By Tom Balmforth
MOSCOW (Reuters) - A Russian court convicted a Norwegian man on Tuesday of gathering espionage about nuclear submarines and jailed him for 14 years, a verdict that could strain relations between Moscow and its NATO-member neighbour.
Frode Berg, a 63-year-old retired former guard on the Norwegian-Russian border, was detained in Moscow in December 2017 and tried behind closed doors this month. He pleaded not guilty to charges of espionage on behalf of Norway.
Berg will not appeal the verdict and plans to request a presidential pardon from Vladimir Putin that would see him freed, according to his lawyer, Ilya Novikov.
Norway's Foreign Ministry said it had "noted" the verdict but did not comment on its substance. It said it was working in multiple ways to bring Berg back to Norway.
"Norwegian authorities... wish to see the safe return of Frode Berg to Norway," a ministry spokeswoman said.
Berg, who was wearing a suit and was handcuffed as he watched proceedings from a glass cage, acknowledged having been caught handling sensitive material for Norwegian authorities but denied having any idea he was involved in espionage. Details of the case have not been revealed as they are classified.
Asked by the judge in Russian if he understood the court's verdict, Berg bowed his head slightly and said "yes" in English.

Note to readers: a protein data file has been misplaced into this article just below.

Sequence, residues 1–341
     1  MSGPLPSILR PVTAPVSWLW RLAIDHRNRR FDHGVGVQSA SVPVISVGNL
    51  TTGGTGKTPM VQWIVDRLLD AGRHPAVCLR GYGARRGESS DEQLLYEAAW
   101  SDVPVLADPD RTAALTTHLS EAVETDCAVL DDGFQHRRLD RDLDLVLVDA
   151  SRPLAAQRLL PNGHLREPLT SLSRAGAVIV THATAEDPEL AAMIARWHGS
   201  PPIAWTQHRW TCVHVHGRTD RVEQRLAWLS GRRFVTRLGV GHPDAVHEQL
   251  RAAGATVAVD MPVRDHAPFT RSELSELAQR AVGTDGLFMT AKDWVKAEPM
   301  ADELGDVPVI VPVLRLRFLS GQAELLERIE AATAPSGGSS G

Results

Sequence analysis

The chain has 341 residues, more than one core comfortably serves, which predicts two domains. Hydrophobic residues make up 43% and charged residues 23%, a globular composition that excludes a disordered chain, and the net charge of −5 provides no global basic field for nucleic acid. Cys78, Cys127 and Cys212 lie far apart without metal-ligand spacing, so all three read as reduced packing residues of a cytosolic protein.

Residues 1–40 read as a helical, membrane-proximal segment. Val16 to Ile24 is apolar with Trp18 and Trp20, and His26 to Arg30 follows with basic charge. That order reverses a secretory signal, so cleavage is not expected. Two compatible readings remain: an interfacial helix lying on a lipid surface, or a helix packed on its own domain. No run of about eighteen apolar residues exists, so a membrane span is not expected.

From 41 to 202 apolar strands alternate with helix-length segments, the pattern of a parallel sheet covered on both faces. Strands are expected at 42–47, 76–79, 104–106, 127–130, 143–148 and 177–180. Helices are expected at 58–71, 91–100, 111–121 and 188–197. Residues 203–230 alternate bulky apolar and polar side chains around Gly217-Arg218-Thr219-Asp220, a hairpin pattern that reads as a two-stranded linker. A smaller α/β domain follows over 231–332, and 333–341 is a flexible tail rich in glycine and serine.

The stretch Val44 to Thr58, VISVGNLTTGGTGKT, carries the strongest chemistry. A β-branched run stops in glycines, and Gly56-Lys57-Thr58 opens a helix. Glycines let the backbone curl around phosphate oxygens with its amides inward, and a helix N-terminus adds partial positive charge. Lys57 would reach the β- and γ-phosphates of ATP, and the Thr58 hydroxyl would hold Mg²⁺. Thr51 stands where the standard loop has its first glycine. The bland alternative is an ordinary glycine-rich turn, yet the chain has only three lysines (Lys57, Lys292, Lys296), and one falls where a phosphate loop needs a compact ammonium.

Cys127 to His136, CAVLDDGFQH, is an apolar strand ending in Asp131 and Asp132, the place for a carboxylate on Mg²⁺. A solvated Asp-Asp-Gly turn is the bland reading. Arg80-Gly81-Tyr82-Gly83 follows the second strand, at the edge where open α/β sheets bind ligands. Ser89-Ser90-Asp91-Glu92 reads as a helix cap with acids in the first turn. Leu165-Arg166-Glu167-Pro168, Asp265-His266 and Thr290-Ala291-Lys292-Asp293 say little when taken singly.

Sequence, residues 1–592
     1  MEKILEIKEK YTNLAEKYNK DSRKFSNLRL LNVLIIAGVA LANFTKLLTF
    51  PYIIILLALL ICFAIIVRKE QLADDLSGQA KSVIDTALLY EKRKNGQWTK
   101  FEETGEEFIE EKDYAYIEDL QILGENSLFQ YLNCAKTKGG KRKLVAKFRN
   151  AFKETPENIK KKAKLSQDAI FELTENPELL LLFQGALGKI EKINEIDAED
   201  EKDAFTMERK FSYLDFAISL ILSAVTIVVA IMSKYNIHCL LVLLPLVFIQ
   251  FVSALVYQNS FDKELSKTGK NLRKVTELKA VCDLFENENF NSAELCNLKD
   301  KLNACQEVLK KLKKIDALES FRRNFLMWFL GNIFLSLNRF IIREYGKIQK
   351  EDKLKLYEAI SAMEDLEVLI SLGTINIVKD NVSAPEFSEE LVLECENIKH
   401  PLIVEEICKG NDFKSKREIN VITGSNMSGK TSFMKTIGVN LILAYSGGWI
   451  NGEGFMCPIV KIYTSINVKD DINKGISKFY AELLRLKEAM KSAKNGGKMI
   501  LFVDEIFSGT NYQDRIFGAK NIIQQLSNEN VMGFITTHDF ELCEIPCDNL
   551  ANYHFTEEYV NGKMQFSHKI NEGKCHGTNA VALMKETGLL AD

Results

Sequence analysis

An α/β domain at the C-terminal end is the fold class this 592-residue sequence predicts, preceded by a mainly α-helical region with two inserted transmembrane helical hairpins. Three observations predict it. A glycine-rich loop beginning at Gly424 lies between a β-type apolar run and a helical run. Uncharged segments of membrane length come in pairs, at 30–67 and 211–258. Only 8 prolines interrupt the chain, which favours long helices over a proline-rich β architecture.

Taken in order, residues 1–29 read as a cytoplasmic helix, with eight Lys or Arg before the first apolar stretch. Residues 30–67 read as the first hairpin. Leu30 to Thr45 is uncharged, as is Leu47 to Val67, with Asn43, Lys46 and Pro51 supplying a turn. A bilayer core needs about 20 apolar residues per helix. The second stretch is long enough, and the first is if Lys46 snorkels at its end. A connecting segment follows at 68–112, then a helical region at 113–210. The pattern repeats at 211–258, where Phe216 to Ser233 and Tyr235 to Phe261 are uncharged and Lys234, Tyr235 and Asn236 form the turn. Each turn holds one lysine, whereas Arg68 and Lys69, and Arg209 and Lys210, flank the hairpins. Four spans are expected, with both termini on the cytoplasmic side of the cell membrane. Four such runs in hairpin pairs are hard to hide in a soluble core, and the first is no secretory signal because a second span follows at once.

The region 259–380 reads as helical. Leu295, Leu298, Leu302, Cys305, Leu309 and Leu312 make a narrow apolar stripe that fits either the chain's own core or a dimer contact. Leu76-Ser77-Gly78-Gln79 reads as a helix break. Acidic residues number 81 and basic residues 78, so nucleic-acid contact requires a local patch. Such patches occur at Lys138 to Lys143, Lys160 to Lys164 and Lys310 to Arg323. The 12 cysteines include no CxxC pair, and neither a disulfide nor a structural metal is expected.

"He had no illusions. He expects his government will take all necessary steps to secure his release through diplomatic measures," defence lawyer Novikov said.
Last week, Putin appeared to leave the door open to the possibility that Berg could be pardoned or possibly exchanged as part of a prisoner swap.
Asked during talks with Norwegian Prime Minister Erna Solberg about the possibility of a pardoning, Putin said: "We must wait for the court proceedings...We will take a look at what we can do with this depending on the court's decision."
Novikov said he was not aware of any talks under way between Oslo and Moscow to secure Berg's release and that it would take a "significant" diplomatic push for it to happen.
"A presidential pardon is not something that is granted in the natural course of events, but with diplomatic measures it is quite possible," Novikov said.
(Reporting by Tom Balmforth with additional reporting by Victoria Klesty in Oslo; Editing by Mark Heinrich)